3 REPLIES
Super Bronze

Re: Which Switch to get 3560vs3750vs2960 or better?

Disclaimer

The Author of this posting offers the information contained within this posting without consideration and with the reader's understanding that there's no implied or expressed suitability or fitness for any purpose. Information provided is for informational purposes only and should not be construed as rendering professional advice of any kind. Usage of this posting's information is solely at reader's own risk.

Liability Disclaimer


In no event shall Author be liable for any damages whatsoever (including, without limitation, damages for loss of use, data or profit) arising out of the use or inability to use the posting's information even if Author has been advised of the possibility of such damage.

Posting

The 2960/3560/3750 are all known for often having insufficient buffer resources when QoS is activated.  If you're looking use QoS on congested ports (SAN?), you might want to look at a 4900, 4500 or 6800 series.

PS:

I work in a production environment were we have almost any L2/L3 Cisco switch in the last 15 years.  I work with 2960s, 2960-Ss, 3560(/G/E/X)s and 3750(/G/E/X)s.  They're usually are fine for access switches under typical access light loading.

Hall of Fame Super Gold

Which Switch to get 3560vs3750vs2960 or better?

I'm going to agree with Joseph.  2960, 3560, 3750 & 3850 can't withstand the continuous data traffic between SAN array.  It's OK to use either one of them for iLO.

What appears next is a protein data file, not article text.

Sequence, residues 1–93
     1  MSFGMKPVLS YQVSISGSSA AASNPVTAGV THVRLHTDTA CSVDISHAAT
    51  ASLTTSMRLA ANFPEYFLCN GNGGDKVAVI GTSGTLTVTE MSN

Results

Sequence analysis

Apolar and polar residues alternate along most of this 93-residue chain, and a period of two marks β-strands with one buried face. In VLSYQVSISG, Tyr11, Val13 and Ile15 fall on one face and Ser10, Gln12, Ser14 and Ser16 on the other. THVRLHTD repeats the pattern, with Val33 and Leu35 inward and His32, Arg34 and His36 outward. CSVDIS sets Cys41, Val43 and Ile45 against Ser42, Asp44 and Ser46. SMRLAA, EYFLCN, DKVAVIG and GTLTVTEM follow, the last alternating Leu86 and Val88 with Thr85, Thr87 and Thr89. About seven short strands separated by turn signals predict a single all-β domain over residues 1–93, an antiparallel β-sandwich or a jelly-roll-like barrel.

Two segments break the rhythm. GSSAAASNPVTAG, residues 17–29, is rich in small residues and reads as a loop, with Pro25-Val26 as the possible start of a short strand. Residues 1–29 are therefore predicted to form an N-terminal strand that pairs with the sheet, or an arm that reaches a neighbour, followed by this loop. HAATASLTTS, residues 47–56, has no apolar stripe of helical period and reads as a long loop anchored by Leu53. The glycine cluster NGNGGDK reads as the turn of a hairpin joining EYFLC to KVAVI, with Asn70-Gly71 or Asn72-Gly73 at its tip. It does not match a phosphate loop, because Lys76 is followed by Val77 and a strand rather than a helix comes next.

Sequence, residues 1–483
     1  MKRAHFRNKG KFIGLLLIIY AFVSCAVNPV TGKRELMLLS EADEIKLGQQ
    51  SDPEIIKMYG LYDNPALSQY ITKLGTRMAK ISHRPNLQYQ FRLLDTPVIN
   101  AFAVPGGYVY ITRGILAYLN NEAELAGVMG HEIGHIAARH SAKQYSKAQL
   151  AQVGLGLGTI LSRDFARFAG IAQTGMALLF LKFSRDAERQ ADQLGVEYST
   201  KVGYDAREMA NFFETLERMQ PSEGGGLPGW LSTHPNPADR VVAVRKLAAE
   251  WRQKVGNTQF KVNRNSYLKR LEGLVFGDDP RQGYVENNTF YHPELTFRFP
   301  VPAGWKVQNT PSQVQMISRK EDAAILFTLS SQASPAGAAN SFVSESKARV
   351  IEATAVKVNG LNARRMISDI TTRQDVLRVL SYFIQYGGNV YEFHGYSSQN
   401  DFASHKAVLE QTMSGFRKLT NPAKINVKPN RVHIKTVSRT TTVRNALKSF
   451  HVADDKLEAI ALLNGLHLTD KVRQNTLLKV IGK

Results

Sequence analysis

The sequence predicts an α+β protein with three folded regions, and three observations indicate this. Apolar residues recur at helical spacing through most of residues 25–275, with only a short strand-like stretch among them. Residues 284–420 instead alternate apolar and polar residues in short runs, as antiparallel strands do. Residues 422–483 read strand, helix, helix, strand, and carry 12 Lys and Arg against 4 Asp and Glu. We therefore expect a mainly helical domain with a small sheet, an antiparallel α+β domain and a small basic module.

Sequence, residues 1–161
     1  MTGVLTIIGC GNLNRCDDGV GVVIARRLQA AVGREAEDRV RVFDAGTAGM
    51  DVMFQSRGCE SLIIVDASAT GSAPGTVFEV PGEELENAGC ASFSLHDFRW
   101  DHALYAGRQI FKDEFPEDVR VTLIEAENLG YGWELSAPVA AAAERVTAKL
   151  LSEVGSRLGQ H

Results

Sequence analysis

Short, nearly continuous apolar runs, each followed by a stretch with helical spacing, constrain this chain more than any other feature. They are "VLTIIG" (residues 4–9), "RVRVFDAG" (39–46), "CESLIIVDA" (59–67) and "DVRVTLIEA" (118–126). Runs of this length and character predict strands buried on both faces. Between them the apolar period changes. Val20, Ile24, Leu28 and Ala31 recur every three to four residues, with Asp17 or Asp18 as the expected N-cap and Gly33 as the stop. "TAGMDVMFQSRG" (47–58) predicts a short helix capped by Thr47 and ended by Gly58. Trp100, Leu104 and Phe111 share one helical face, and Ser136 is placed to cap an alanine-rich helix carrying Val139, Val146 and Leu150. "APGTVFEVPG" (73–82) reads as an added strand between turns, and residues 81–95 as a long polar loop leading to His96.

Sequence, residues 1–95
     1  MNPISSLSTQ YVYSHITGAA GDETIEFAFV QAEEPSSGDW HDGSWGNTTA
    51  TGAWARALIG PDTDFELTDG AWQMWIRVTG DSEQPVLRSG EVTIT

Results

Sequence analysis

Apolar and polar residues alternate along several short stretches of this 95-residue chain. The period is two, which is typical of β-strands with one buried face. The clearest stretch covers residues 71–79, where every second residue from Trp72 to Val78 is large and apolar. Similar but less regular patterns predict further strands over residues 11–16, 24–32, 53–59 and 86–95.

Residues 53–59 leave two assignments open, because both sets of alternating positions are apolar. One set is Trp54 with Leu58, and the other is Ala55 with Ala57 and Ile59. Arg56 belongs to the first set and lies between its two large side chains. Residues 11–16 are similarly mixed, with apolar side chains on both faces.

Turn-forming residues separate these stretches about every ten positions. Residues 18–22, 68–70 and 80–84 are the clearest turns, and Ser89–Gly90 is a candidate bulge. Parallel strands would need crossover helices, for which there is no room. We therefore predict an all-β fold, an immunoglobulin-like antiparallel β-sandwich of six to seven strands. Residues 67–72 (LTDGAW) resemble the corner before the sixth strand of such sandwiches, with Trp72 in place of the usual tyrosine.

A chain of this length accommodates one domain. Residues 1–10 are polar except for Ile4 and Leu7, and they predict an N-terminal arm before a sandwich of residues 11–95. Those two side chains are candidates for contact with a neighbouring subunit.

Aside from 4900, 4500, 6500 or 6800, you also need to weigh in the "size" of your SAN.  If it's big, then you need to go up to the Nexus solution.

Super Bronze

DisclaimerThe Author of this

Disclaimer

The Author of this posting offers the information contained within this posting without consideration and with the reader's understanding that there's no implied or expressed suitability or fitness for any purpose. Information provided is for informational purposes only and should not be construed as rendering professional advice of any kind. Usage of this posting's information is solely at reader's own risk.

Liability Disclaimer

In no event shall Author be liable for any damages whatsoever (including, without limitation, damages for loss of use, data or profit) arising out of the use or inability to use the posting's information even if Author has been advised of the possibility of such damage.

Posting

Since my original posting, I had to deal with a 3750X dropping packets like crazy with QoS enabled and hosting SAN devices.

I was able to tune the buffer settings to obtain performance even better than with QoS disabled; got the drop rate almost to zero.

My approach was to not reserve buffers (i.e. let the common pool have them), set thresholds to maximum (maximum increased on later IOS versions), and increase buffer allocation to the queue suffering drops (in my instance, the default class).

Basically, one port queue could then take all the buffer space on the ASIC.

In my case, my problem was transient congestion on just a couple of ports, not a huge amount of contention between ports.

Also on the 3750X, there's 2 MB of buffer space per 24 edge ports or per 4 uplink ports, so host placement can be important too.